There's something comforting knowing that every year on the second weekend in September the Sisters Folk Festival (SFF) will take place. SFF is more than a music festival for many regulars. To them, it's also a time to catch up with and spend quality time with old friends and to relax as the fall season starts to unfold.
    On the hype/price value scale, SFF scores well. That’s  well as in low in excessive hype and high in the value you get for your money. This is a festival tilted in favor of the audience allowing them a chance to hear a wide variety of acts, learn in numerous in workshop sessions and have unfettered access to the artists.     There are always surprises at SFF. Just prior to this year's Festival Bend jazz vocalists Lori Fletcher send out an e-mail to friends urging them to attend the Festival as, "you'll be surprised at what you'll find." True, there's more to folk in the Festival these days.
    That was evident from the get-go with multi-talented and dimensional Susan Werner opening the event at the Festival's Village Green main stage. Werner defies classification and in so challenges her audiences to pay attention.
    Yes she can sing and play folk as she did, but she’s also very much at home in gospel and blues, both of which she played brilliantly on the electric piano. She's also well versed in Broadway show tunes and after claiming to having had fantasies of being "Cole Porter's witty little sister, " belted out a Tin-Pan Alley-esque creation of her own writing.
    She also went into her jazz bag accompanying herself on a guitar with a ballad that reminded me of some of the work the late Carmen McRae did with guitarist Joe Pass.     Another example of the diversity of the evening's program was the hot fiddle playing Quebe sisters from Texas who offered up a set of Texas swing a la Bob Wills. Then came the off-kilter ramblings and playing of folk artist Todd Snider. Snider carries on the Woody and Arlo, Dylan and Rambling Jack tradition of talking and playing taking it to quirky heights.
    After the Village Green main stage and the Sisters Art Works stage close for the evening, a crowd gathered at Bronco Billy's Ranch Grill and saloon for a jam session that went on until 1 a.m.
    Saturday morning was given over to the workshops at smaller venues within easy walk or bike ride from each other. At his workshop, bluegrass and folk legend Peter Rowan was asked what the secret was to song writing. He replied: "I don't know," adding, "I just go for a walk and if some words come to me I write them down on the right hand side of a notebook page as soon as I get home. Later I come back and try to fit the words to music which I note down on the left hand page across from the words."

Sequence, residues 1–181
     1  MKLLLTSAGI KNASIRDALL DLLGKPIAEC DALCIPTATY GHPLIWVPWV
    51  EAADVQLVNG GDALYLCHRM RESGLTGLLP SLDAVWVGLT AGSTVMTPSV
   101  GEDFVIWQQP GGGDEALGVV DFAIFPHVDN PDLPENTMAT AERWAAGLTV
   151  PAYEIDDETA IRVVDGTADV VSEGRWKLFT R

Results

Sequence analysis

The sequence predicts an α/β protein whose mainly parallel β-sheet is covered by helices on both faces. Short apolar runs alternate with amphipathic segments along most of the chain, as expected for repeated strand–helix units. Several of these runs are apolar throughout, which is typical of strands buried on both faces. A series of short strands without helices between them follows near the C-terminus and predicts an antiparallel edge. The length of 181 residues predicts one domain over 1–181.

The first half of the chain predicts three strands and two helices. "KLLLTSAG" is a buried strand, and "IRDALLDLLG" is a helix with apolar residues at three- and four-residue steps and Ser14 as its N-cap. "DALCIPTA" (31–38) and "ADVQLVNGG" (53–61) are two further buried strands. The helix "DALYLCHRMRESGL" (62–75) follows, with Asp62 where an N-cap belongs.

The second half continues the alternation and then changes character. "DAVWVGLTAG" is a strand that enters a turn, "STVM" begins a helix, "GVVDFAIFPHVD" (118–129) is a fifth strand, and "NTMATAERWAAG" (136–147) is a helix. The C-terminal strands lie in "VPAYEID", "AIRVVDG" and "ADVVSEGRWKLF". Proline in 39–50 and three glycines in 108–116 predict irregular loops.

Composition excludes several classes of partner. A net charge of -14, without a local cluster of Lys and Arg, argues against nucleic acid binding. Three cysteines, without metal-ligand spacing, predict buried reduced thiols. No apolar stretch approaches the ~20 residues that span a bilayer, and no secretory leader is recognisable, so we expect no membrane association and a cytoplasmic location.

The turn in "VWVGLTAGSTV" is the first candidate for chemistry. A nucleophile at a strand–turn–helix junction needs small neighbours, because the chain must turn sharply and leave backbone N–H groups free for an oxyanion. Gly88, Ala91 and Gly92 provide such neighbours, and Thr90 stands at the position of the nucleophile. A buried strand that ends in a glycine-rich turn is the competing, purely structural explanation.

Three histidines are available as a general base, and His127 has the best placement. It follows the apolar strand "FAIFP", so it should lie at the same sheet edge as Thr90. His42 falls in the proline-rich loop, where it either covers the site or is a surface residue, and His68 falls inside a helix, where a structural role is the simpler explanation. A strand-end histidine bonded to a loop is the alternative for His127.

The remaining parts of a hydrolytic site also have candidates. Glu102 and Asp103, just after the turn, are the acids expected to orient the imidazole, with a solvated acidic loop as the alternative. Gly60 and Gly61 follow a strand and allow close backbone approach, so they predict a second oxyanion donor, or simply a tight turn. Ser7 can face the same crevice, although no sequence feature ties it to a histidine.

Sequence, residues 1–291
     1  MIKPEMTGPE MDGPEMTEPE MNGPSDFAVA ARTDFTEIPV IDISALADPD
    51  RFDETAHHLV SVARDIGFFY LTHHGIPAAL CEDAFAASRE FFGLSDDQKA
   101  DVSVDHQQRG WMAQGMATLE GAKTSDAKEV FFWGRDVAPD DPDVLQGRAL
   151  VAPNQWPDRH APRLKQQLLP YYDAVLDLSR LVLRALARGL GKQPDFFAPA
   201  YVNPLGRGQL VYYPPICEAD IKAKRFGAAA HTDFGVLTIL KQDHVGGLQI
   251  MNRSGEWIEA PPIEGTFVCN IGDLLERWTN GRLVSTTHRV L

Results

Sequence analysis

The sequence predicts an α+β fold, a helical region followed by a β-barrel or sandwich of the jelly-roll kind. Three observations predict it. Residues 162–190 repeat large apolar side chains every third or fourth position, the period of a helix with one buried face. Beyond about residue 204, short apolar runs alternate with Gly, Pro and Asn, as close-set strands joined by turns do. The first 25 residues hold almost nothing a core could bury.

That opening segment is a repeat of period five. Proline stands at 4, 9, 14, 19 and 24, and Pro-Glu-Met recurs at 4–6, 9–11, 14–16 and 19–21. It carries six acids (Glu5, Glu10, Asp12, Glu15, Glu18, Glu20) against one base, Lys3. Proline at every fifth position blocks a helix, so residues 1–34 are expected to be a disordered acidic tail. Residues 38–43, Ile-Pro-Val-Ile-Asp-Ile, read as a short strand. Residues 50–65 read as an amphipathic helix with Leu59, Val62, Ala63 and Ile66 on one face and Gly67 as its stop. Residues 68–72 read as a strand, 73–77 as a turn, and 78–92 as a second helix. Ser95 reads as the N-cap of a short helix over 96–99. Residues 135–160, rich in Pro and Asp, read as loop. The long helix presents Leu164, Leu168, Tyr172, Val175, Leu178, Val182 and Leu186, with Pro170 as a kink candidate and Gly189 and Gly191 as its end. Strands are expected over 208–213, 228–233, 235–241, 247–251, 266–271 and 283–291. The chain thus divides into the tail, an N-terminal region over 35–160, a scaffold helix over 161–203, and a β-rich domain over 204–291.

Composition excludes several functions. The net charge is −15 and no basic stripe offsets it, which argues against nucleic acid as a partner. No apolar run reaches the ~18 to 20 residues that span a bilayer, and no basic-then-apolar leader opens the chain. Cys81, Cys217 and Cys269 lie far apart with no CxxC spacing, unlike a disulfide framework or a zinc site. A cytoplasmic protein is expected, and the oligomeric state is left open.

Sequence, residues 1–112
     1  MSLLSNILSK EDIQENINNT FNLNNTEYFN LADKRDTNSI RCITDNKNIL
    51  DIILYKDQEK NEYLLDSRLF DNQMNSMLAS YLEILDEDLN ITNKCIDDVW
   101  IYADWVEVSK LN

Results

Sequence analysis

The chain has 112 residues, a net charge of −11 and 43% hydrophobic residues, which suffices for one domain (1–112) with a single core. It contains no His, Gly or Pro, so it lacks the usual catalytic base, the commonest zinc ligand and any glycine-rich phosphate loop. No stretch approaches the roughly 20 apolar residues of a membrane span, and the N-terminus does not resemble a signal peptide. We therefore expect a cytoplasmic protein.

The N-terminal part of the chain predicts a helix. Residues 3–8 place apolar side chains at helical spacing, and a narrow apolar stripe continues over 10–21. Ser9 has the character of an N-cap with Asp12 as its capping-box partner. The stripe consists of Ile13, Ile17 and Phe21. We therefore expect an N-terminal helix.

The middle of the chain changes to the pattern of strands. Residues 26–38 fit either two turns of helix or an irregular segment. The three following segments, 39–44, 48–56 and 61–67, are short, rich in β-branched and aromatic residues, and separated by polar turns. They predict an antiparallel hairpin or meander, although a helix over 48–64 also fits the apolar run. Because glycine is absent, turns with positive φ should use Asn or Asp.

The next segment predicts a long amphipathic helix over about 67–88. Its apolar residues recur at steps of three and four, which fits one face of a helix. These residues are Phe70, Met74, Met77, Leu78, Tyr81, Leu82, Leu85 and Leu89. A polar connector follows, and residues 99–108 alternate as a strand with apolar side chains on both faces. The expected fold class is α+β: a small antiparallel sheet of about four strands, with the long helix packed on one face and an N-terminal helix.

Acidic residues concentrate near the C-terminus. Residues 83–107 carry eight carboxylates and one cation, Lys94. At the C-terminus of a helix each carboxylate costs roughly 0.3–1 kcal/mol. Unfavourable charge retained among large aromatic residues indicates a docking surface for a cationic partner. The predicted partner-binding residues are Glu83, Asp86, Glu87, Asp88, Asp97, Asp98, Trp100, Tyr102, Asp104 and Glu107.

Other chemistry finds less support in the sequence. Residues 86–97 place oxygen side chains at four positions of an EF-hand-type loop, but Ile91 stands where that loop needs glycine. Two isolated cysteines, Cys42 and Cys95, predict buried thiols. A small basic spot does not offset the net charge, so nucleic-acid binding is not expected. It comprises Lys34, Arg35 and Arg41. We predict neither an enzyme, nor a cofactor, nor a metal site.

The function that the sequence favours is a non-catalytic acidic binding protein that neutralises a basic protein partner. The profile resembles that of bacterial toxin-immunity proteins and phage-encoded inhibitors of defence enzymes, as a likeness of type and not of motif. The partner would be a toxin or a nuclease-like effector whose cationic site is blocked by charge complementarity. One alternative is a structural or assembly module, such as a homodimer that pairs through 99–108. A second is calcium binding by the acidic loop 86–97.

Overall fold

Rowan headlined the Saturday night show at the Village Green main stage sandwiched between and indy band and an all-over-the map (swing to quasi rock to you name it) band.     Led by Susan Werner, Sunday's traditional gospel hour featured numerous Festival artists in what is always a pleasing and uplifiting experience.     A few more acts to catch on Sunday and the respite of music and relaxing in Sisters came to an end. An end with a question-should the word "folk" be stricken from the Festival's name?
A sub head to a Sisters Folk Festival newspaper headline reads: "featuring blues, bluegrass, folk and soul music." There was some blues, very little if any bluegrass, a good amount of folk and no true soul except for a couple of Susan Werner offerings. There was, in the minds of some people I spoke with, too much emphasis on "indy" bands and too much emphasis on cranking said band's music up to almost the AC/DC heavy metal ear splitting level. And then there was that one band that while billed as a soulful southern band was, in reality, a Monday through Friday bar band that plays frat gigs on weekends.
That noted, the Festival planners are trying to bring a younger demographic to the event which tends to be attended mostly by Boomers and beyond.
So maybe a name change is in order. I'd offer the Sisters Festival of Americana Music but have no idea of what Americana means. If it means folk music derived from the English, Scottish and Irish folk music roots, jazz, blues, soul, swing and even rap then it opens the doors to all sorts of musical possibilties.